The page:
Functional Family Therapy (FFT) is an empirically grounded family intervention program for dysfunctional and at-risk youth aged 11-18 and their families, including youth with problems such as conduct disorder, violent acting-out, and substance abuse. Youth often also present with additional co-morbid challenges such as depression.
Intervention is conducted in clinic settings, as outpatient therapy, and as a home-based model, including delivery in schools, child welfare, probation, parole/aftercare, and mental health, and as an alternative to incarceration or out-of-home placement. Treatment ranges from, on average, 8-12 one-hour sessions up to 30 sessions of direct service for more difficult situations. Treatment has specific phases that serve to organize intervention in a coherent manner, thereby allowing clinicians to maintain focus in the context of considerable family and individual disruption.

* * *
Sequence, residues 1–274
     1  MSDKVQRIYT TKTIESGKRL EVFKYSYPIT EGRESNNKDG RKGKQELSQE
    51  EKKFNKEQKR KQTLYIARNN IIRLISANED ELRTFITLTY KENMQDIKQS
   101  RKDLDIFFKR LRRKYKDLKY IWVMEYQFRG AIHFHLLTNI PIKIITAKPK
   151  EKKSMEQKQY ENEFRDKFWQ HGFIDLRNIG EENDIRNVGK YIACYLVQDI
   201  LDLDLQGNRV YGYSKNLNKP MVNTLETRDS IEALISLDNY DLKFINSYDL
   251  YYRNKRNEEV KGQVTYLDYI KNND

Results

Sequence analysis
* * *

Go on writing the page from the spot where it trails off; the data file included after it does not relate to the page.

Clinical trials have demonstrated that FFT is capable of effectively treating adolescents with Conduct Disorder, Oppositional Defiant Disorder, Disruptive Behavior Disorder, alcohol and other drug abuse disorders, and those who are delinquent and/or violent. FFT interrupts the matriculation of these adolescents into more restrictive, higher-cost services, reduces their penetration of social services and the adult criminal system, and prevents younger siblings from entering the system of care.